Outsourcing your storage to someone offsite is not without its risks. Here are three problems you might experience when using storage as a service, and how to avoid them.

  • Dropping the data ball: Unfortunately, there’s always the possibility that your backup solution partner, due to some man-made or natural disaster or simply because the firm is incompetent, could lose your data. It is important to understand what kind of protection is being offered. Does your provider have a continuous data protection scheme in place that provides for data replication to another site beyond the local one? If your storage-as-a-service provider is in Toronto, is your data going to be replicated in Montreal or New York? “And by the way, SMBs in the financial community are subject to the same rules and regulations as larger companies,” says Trainer. “So you may have a corporate governance policy that says you must retain all data for 10 years, for example. The government may say seven years, but you need to find out what the service provider’s retention period is, and how quickly the company can reproduce documents in the event of a legal action against your company.”
  • Trouble in transit?: Consider security from an encryption perspective. Since hackers can recognize standard file formats quite easily, data is transit is often encrypted. Ask your provider how it will protect your data as it travels to and from the data centre(s). Insist that it be encrypted. Then ask, “Are you encrypting at the disk level?” And, “If you’re using tape drive backups, are you using encrypted tape drives from Sun or IBM, for example? What is the mechanism for protecting the data from being accessed?”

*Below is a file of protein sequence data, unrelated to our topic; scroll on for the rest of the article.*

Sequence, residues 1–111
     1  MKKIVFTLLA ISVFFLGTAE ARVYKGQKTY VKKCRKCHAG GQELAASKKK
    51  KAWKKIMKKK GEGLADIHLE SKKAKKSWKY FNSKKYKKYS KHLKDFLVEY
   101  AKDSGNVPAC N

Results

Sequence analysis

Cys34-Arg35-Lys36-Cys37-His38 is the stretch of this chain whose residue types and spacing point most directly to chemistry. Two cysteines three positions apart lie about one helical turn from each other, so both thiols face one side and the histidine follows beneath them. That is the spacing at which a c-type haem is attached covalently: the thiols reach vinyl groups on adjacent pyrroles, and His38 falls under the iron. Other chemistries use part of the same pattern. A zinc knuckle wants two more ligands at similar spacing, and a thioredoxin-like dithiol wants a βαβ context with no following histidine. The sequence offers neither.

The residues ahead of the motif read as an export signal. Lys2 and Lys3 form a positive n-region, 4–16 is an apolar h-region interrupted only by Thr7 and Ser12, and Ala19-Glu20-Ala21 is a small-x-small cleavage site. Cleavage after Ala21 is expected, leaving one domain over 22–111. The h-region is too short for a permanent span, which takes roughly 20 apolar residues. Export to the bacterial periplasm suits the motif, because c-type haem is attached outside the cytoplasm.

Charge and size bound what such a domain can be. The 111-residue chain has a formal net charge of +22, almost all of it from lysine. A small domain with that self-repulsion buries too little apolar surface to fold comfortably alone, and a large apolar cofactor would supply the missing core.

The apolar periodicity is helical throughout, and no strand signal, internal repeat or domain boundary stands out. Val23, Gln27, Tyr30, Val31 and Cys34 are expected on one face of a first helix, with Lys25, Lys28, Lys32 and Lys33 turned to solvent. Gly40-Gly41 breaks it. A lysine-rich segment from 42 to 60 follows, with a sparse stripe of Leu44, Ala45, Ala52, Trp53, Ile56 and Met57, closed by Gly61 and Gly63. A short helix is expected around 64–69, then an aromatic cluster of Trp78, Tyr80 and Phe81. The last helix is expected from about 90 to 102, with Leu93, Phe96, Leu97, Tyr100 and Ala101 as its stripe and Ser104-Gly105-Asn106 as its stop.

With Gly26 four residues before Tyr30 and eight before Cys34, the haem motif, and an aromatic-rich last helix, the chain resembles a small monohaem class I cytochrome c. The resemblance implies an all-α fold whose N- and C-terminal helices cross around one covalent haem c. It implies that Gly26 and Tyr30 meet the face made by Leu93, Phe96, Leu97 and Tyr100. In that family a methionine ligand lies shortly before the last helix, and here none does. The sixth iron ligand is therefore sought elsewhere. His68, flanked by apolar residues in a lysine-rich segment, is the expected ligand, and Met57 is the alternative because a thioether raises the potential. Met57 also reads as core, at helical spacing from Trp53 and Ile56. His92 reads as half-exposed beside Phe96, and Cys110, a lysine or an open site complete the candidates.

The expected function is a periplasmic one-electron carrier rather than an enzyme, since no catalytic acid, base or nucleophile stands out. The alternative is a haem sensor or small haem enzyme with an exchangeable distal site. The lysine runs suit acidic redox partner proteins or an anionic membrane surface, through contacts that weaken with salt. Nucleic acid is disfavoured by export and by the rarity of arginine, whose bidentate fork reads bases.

• Be in the know: “The more you disaggregate, the further away you get from reality,” says Trainer, so you need to know from your storage-as-a-service provider exactly what kind of storage will be used to hold your data. Even better: if you have the knowledge, you want to specify yourself what type of storage should be used. If you can’t specify this because you don’t know, it may make sense for you to become a little more storage familiar. If so, you can always do some research on your own. Or, there are numerous analyst firms and consultants that can quickly provide some level of explanation about the kinds of storage products many service providers are using and their perceived risks and challenges.

Tom Trainer is senior analyst at the Denver-based Evaluator Group, which provides objective analysis of online storage products, hardware and software and storage-related issues.

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